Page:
Protecting Canada’s northernmost borders.
Throughout his illustrious career with the Canadian Armed Forces, one thing continued to motivate now-retired Col. Pierre Leblanc: the security of Canada’s North.
Pierre was initially captivated by the Arctic nearly 50 years ago during his first Army patrol there, and forged an intimate relationship with the region that continues to this day.
“I fell in love with the Arctic and I did whatever I could to get back,” he recalls. “The first time I went to Canadian Forces Station Alert, I wanted to feel what it was like to be at the top of the world.”
In 1994, Pierre was instrumental in augmenting the capabilities of the First Canadian Ranger Patrol Group, based in the Arctic. The Rangers are critical to the security of the North as they patrol the region, report any unusual activity, support regular forces deployments and assist in search-and-rescue missions. Pierre describes them as “eyes and ears of the Canadian Forces.”
“Many of the members in the 1st Canadian Rangers group are Inuit,” he says. “It is always crucial to me to support the local northern communities and ensure there are job opportunities for the people living in the North. They know the land the best and they have vested interests.”
The Passage is within the internal waters of Canada, which means we have the ultimate right to protect those waters.
Pierre also contributed to the creation of the Junior Canadian Ranger Program which has proven to be a great success for the youth of the Arctic.
He commanded Canadian Forces Northern Areafrom 1995 to 2000, and near the end of that tenure he formed the Arctic Security Working Group to better coordinate and exchange information between various federal agencies such as the Canada Border Services Agency, the coast guard, CSIS and the RCMP.
In 2000, Pierre also sounded the alarm as global warming began opening up the Northwest Passage. He alerted government to the risks to Canada’s security and sovereignty in this fragile part of our country.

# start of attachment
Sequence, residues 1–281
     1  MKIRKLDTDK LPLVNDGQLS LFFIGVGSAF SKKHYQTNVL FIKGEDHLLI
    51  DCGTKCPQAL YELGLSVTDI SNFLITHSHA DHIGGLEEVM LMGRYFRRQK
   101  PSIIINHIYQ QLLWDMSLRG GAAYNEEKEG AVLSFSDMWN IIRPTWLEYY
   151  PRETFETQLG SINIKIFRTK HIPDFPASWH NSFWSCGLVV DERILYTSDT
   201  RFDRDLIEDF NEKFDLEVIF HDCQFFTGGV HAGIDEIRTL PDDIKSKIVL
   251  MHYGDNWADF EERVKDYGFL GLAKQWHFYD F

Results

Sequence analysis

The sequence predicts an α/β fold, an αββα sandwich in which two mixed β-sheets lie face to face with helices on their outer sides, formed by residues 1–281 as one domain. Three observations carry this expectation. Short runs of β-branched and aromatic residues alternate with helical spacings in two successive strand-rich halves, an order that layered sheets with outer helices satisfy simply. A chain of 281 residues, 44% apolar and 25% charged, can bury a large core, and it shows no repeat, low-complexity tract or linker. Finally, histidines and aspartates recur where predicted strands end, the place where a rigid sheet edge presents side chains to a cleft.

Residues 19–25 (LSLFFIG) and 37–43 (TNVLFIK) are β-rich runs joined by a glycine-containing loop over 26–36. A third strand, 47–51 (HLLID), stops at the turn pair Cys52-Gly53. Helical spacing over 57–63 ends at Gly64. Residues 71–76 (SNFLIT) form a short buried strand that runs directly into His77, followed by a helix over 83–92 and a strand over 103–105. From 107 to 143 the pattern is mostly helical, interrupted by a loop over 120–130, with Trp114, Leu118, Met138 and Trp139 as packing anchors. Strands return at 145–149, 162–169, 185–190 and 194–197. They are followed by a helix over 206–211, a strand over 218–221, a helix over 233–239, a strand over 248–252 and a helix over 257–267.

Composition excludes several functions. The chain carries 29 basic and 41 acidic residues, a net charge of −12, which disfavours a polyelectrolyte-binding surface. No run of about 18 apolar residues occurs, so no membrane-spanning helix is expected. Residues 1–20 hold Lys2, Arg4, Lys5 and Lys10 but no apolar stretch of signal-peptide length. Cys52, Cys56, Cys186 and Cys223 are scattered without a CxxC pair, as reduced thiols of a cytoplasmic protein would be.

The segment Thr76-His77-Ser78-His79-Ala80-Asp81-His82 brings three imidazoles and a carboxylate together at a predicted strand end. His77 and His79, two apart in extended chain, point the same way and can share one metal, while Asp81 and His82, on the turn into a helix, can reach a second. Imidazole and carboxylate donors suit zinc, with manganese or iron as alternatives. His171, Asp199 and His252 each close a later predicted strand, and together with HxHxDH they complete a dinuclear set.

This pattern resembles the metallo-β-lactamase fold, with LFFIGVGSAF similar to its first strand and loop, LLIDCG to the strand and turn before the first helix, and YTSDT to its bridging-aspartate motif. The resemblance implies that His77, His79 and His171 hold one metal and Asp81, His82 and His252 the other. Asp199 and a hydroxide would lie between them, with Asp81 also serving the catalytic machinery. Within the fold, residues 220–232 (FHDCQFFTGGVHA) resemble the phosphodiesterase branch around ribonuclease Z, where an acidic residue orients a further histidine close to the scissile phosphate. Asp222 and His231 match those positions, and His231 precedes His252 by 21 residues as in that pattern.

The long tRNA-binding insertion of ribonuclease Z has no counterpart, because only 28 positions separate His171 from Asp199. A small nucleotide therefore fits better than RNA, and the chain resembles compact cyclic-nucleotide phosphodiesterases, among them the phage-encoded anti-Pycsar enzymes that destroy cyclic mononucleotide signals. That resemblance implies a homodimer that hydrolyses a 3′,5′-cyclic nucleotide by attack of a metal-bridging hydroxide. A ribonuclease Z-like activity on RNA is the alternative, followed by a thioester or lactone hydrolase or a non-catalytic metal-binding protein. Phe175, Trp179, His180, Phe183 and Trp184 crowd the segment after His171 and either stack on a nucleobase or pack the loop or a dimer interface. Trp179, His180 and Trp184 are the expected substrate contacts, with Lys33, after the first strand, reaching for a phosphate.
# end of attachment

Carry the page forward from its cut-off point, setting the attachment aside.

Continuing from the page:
“The Passage is within the internal waters of Canada, which means we have the ultimate right to protect those waters,” he explains.
But some still challenge that claim, declaring that the waterway is an international strait. Pierre feels strongly that opening the Passage to surface vessels, submarines and aircraft would expose the Arctic to increased maritime traffic, environmental accidents and the possibility of introducing invasive species.
“The food chain in the Arctic is vertical and very short,” he says. “Any pollution that affects the fish hurts the seal and hurts the polar bear. The very top of that food chain, of course, being the people living in the Arctic who hunt these animals for food.”
More recently, Pierre managed the North Warning System, a line of 47 air defence radar sites in the Arctic that stretches from the Alaska/Yukon border to the southeast tip of Labrador. Today, his work as president of Arctic Security Consultants centers on improving the protection of Canada’s northern security and sovereignty. He continues to write extensively on the Arctic, backed up by his considerable knowledge and passion for the ongoing improvement of all-domain awareness in the region.
“My days are spent meeting with government organizations and the defence industry,” Pierre says. “I help them better understand the Arctic and its logistic and weather challenges, meet with local business, Inuit and political leadership, and identify opportunities whenever I can.”